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Sci. STKE, 29 February 2000
Vol. 2000, Issue 21, p. tw5
[DOI: 10.1126/stke.2000.21.tw5]

EDITORS' CHOICE

Apoptosis Holding Back a Death Signal

In the worm Caenorhabditis elegans certain genes are critical for the timed death of a cell during development. How the protein products from these genes regulate one another in vivo is not clear. Chen et al. report that the pro-death protein CED-4 is translocated from the mitochondria (where it colocalizes with the anti-death protein CED-9) to the perinuclear membrane upon receipt of a death signal, such as expression of the pro-death protein EGL-1. The movement of CED-4 to the perinuclar membrane did not depend upon caspases and was a prerequisite for normal death, which suggests that the role of CED-9 may be to sequester CED-4 at the mitochondria until the appropriate developmental time for cell death.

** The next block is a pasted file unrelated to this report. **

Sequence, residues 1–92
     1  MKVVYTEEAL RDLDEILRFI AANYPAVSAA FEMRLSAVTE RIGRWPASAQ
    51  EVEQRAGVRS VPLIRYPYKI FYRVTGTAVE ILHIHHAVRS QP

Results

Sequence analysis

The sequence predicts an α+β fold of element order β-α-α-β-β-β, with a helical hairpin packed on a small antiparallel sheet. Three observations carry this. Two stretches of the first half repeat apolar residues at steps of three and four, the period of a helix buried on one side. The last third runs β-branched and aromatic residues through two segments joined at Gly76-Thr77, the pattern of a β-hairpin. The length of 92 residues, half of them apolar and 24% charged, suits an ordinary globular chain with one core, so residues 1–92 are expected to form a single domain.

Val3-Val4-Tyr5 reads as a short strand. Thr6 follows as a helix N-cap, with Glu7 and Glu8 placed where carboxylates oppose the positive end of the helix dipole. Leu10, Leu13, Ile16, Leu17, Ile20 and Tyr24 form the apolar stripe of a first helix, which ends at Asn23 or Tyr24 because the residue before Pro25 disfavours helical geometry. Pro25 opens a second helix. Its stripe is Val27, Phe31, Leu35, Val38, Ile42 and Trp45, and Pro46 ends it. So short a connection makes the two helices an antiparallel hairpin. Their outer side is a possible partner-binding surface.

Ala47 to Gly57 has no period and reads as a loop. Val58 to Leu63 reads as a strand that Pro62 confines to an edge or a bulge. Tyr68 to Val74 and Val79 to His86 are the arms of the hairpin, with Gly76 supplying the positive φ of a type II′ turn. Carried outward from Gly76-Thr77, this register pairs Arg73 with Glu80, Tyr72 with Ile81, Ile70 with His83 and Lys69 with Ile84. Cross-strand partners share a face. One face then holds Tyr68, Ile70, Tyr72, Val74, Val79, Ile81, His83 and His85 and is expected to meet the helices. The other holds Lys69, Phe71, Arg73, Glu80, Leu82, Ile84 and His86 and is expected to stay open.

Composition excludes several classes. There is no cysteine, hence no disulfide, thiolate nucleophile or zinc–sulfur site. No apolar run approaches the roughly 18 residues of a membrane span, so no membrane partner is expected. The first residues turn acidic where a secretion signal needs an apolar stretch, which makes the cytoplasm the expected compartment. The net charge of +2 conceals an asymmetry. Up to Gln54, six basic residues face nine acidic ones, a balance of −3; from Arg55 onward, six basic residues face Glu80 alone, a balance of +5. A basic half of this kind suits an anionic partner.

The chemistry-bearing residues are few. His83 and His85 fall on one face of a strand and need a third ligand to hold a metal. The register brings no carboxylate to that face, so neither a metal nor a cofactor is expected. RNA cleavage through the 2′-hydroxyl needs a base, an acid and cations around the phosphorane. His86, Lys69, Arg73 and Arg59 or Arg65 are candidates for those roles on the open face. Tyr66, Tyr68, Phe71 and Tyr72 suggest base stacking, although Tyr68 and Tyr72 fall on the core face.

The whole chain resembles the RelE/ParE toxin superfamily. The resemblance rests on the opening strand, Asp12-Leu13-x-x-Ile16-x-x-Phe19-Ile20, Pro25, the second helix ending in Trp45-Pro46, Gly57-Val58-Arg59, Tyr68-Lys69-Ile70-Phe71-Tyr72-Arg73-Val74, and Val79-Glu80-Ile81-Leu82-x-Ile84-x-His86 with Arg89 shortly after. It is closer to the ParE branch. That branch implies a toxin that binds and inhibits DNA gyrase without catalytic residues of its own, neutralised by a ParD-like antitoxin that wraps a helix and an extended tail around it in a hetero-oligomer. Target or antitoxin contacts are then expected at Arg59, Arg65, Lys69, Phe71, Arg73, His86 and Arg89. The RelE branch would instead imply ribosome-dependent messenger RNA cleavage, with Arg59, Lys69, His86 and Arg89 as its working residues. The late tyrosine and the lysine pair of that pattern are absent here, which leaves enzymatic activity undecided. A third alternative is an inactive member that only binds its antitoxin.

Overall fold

Chen, F., Hersh, B.M., Conradt, B., Zhou, Z., Riemer, D., Gruenbaum, Y., and Horvitz, H.R. (2000) Translocation of C. elegans CED-4 to nuclear membranes during programmed cell death. Science 287: 1485-1489. [Abstract] [Full Text]

Citation: Holding Back a Death Signal. Sci. STKE 2000, tw5 (2000).


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